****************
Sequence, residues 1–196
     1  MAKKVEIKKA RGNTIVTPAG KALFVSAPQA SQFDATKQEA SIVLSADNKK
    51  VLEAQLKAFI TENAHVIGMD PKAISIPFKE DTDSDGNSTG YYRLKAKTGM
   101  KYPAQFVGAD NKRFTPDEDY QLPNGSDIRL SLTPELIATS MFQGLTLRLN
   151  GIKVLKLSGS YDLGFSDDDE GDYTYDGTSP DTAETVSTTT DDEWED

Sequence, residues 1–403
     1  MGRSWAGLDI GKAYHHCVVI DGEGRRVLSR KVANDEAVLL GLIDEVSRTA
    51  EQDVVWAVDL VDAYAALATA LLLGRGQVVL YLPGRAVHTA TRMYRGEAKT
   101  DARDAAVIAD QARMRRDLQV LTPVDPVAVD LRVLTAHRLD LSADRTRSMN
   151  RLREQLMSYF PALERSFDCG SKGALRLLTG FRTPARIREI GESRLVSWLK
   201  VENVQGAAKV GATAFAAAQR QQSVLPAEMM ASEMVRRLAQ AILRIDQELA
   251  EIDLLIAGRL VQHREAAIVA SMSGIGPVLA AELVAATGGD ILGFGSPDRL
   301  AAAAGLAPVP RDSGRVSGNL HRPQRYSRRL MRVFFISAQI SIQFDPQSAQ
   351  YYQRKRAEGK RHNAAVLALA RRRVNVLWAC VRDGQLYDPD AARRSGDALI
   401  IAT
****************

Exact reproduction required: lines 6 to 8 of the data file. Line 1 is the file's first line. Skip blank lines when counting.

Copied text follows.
Sequence, residues 1–403
     1  MGRSWAGLDI GKAYHHCVVI DGEGRRVLSR KVANDEAVLL GLIDEVSRTA
    51  EQDVVWAVDL VDAYAALATA LLLGRGQVVL YLPGRAVHTA TRMYRGEAKT